Links and documents
1840/01/01 to 1842/01/01
Listed on the Canadian Register:
Statement of Significance
Description of Historic Place
York County Gaol consists of a two and a half storey split-faced granite and sandstone building completed in 1842. It is situated on Brunswick Street in downtown Fredericton, with its formal front to the street and a walled prisoners’ yard at the rear.
York County Gaol is designated a Provincial Historic Site for its architecture and for the interior layout and collection of artifacts relating to its use as a jail.
York County Gaol is a large 7-bay stone building. It is pure Georgian functional architecture with its restrained simplicity and symmetry. It was designed by Thomas Smith, Architect, of Saint John in 1839 for a fee of 5£, with construction taking place between 1840 and 1842 by the contractor Andrew Blair of Fredericton. The thick gaol walls are made primarily of grey granite from the Spoon Island quarry near Hampstead, NB. The front and side porches were 20th century additions. The rear prisoners’ yard was the site of numerous executions, including a double hanging in 1949, the last public execution in Fredericton.
Source: Department of Wellness, Culture and Sport, Heritage Branch,Site File: Vol. IX-112
The character-defining elements that describe the architecture of the York County Gaol include:
- simple 7-bay rectangular massing with unadorned and ordered stonework;
- simple rectangular window openings on the front and rear facades, with some original iron security bars and paired, similar openings on the southern end façade;
- medium-pitch gable roof with small unadorned eave and cornice, and a pair of stone chimneys at both ends;
- faceted two-storey projection on the North end façade which contained the original privies;
- former rear prisoners' yard.
- 36” thick prison walls built of split-faced coursed grey granite ashlars in a running bond, with the rear wall featuring a mix of granite and less-expensive red sandstone rubble from a local quarry;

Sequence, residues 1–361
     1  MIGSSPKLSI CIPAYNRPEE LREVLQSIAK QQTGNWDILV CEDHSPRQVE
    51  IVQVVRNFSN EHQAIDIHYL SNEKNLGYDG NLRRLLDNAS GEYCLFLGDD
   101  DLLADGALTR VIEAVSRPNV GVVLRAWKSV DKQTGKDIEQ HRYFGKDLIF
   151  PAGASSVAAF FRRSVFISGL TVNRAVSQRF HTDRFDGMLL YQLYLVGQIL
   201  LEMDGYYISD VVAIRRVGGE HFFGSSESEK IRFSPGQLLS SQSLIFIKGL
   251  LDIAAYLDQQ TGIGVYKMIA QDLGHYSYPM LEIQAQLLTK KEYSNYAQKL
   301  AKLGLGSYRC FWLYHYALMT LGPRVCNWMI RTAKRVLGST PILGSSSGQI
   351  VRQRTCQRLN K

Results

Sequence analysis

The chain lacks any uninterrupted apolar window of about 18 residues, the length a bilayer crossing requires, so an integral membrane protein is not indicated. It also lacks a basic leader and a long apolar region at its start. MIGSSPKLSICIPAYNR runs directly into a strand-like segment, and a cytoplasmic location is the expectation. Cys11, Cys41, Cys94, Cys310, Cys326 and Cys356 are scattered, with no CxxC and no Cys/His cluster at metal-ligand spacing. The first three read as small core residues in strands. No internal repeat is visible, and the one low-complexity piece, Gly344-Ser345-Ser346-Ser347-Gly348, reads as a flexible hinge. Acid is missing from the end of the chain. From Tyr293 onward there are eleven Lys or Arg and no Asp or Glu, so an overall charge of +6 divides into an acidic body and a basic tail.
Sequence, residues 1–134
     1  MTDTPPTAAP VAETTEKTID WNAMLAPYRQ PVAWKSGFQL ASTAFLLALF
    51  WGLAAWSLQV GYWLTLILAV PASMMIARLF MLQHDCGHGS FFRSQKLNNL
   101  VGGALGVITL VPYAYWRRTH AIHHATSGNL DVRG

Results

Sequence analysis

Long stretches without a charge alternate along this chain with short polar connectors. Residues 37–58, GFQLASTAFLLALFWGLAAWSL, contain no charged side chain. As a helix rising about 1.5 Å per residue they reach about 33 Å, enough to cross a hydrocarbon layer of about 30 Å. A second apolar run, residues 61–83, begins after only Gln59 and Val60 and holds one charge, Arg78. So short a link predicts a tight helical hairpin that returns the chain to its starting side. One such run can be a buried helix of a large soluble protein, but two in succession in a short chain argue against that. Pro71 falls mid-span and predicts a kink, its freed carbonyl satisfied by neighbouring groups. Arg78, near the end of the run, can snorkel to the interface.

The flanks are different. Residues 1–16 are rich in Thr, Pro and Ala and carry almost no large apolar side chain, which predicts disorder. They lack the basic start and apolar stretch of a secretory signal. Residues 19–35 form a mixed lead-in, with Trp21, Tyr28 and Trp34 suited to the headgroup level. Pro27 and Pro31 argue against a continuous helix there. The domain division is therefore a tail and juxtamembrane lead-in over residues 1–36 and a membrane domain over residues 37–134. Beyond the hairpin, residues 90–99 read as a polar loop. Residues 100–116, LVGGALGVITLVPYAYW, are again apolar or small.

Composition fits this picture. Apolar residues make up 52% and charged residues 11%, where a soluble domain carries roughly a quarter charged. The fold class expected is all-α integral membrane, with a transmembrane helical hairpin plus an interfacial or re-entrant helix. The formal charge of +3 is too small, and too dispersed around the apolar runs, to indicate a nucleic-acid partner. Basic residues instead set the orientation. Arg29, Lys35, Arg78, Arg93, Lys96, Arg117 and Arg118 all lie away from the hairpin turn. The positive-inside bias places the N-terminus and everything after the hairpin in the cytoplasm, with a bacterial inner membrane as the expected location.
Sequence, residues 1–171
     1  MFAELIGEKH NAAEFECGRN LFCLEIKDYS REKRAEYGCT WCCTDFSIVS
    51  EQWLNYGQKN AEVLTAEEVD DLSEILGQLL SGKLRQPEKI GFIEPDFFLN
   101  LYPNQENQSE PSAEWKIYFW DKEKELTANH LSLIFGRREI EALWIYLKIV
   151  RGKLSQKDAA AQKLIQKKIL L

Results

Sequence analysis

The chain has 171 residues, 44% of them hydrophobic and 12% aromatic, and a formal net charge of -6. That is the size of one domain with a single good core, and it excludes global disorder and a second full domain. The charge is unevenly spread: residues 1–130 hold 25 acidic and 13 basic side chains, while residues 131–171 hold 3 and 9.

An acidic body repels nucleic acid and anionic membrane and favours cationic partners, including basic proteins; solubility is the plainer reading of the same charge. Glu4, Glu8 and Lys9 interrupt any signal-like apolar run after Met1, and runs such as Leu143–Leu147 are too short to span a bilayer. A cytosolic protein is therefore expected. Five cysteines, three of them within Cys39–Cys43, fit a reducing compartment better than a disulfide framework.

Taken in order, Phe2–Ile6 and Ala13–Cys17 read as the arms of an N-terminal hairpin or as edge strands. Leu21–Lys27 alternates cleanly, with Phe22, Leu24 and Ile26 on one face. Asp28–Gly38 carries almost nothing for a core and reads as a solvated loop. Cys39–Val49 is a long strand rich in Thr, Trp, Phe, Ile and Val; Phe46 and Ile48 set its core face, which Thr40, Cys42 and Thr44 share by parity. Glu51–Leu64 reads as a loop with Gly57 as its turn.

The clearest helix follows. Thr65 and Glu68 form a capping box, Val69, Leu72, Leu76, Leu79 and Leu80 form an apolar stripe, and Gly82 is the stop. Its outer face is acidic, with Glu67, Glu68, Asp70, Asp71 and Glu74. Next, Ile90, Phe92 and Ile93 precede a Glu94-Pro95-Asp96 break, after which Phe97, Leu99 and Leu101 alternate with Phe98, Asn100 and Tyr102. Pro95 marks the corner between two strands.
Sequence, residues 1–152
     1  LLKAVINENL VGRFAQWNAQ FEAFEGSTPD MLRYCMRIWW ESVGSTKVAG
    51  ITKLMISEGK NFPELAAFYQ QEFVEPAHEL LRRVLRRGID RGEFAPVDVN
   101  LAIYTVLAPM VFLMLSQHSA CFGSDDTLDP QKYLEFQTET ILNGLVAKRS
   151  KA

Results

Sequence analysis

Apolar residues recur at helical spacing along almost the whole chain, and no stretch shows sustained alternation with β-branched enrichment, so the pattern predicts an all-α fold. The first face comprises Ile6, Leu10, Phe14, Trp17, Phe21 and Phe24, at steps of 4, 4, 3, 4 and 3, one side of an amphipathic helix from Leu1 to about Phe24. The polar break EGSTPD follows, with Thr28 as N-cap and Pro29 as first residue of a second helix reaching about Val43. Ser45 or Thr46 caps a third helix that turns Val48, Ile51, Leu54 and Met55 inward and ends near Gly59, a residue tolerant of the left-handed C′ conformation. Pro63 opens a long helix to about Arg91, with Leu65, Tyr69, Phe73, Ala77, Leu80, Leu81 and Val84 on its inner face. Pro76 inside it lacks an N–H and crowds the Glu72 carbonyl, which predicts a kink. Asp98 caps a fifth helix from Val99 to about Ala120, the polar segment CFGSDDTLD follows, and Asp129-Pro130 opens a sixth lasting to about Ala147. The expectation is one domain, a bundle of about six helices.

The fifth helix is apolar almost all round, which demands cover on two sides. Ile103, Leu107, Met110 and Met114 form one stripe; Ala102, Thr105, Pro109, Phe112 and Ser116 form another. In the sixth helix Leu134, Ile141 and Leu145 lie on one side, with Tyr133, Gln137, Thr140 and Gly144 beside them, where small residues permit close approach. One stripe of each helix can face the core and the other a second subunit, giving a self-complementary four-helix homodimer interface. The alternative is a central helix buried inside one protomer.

- fenestration throughout, with some early 6 over 6 single-hung wood-frame windows, within smooth cut granite sills on the front and side facades;
- rear façade windows surrounded by buff sandstone lintels and blocks;
- 20” thick interior loadbearing brick walls;
- floor structure of wood beams and pine planks in the office/entry section;
- visible roof structure in the attic, displaying wide plank sheathing on heavy-timber mortise & tenon framing.
The character-defining elements that describe the interior of the York County Gaol include:
- the interior floor layout comprised of office rooms and several remaining cells on each floor;
- stamped tin ceilings throughout;
- cell area hinged iron doors and hardware;
- Prisoners’ graffiti carved in basement cell wall;
- Georgian style painted wood railing and stair connecting the floors;
- front façade windows set within deep wood paneled recesses on the interior, including concealed internal shutters.
The character-defining elements that relate to the artifacts used in the past Gaol use include:
- locksets & keys;
- handcuffs & shackles;
- various metal items buried in the rear yard;
- leather whipping strap.
Province of New Brunswick
Historic Sites Protection Act, s. 2(2)
Historic Sites Protection Act – Protected
1949/01/01 to 1949/01/01
Theme - Category and Type
- Governing Canada
- Government and Institutions
- Governing Canada
- Security and Law
Function - Category and Type
- Special or Training School
- Correctional Facility
Architect / Designer
Location of Supporting Documentation
Department of Wellness, Culture and Sport, Heritage Branch,Site File: Vol. IX-112
Cross-Reference to Collection